Beginning in the early to mid-40s, many adults may start to have problems seeing clearly at close distances, especially when reading and working on the computer. This is among the most common problems adults develop between ages 41-65. This is normal change in the eye’s focusing ability called Presbyopia, will continue to progress over time.
Initially, you may need to hold reading materials further away to see them clearly. Or you may need to remove your glasses to see better up close. Print in the newspaper or on a restaurant menu may appear blurry, especially under dim lighting.
If you already wear prescription eyeglasses or contact lenses to see clearly in the distance, these changes in your near vision can be corrected by switching to progressives or multifocal lenses. Fortunately, people with presbyopia now have many options to improve their vision.
During these years, schedule a comprehensive eye examination with your Optometrist at least every two years to check for developing eye and vision problems. Don’t rely on insufficient vision screenings to determine if you have eye or vision problem.
Adults over 40s who have the following health or work issues may be particularly at risk for developing eye and vision problems:
Chronic, systemic conditions such as diabetes or high blood pressure.
A family history of glaucoma or macular degeneration.
A highly visually demanding job or work in an eye-hazardous occupation.
Health conditions related to high cholesterol, thyroid, anxiety or depression, and arthritis for which you take medications. Many medications, even antihistamines, have vision side effects.
Just like your body, your eyes and vision changes over time. While not everyone will experience the same symptoms, the following are common vision changes due to aging:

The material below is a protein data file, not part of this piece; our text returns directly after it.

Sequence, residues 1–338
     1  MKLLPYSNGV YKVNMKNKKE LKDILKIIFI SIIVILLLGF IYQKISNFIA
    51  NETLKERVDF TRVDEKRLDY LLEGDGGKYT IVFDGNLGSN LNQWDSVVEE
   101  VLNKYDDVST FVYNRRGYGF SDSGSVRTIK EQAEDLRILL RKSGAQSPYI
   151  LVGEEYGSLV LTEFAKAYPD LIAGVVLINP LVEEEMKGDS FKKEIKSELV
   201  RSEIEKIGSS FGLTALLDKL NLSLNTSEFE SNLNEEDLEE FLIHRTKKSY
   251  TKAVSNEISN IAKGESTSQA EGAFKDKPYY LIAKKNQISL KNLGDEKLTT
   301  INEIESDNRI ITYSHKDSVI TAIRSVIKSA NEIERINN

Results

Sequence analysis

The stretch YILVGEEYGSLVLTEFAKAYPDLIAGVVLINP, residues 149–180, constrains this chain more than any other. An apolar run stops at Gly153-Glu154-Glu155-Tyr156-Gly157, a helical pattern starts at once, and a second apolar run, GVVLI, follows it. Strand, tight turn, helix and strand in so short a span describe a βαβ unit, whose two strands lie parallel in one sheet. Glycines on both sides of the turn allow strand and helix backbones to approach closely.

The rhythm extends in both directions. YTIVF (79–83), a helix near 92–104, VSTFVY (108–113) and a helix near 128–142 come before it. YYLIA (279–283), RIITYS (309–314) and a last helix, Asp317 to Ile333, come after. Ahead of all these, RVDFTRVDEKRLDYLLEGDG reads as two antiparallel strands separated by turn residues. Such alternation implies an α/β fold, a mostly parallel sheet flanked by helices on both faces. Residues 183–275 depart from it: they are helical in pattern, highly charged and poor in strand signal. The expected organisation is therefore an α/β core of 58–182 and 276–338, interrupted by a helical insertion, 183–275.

As you age, you may need more light to see as well as you used to. Brighter lights in your desk area or next to your reading chair will help making reading and other close-up tasks easier.
Printed materials can become less clear and difficult when you are reading close work. This is partly because the lenses in your eye become less flexible over time. The rigidity of the lenses makes it harder for your eyes to focus on near objects than when you were younger.
You may notice additional glare from headlights at night or sun reflecting off windshields or pavement during the day. Changes in your lenses in your eyes cause light entering to be scattered rather than focused precisely on the retina. This creates more glare.
Your normal clear lens located inside your eye may start to discolor. This makes it harder to see and distinguish between certain color shades.
With age, the tear glands in your eyes will produce fewer tears. This is particularly true for women experiencing hormonal changes. As a result, your eyes may feel dry and irritated. Having an adequate amount of tears is essential for keeping your eyes healthy and for maintaining clear sight.
Nothing can be done to prevent aging. It is inevitable. It will continue to worsen as we get older. Once you have been diagnosed with these symptoms, it can be relieved by proper management by Ophthalmologist or Optometrist before they aggravate.
Find out how to get an eyecheck and discuss the possible treatments which is best suited for you with our Optometrist and Optician today. Click here, email firstname.lastname@example.org or contact +65 9383 8569 for further inquiries.
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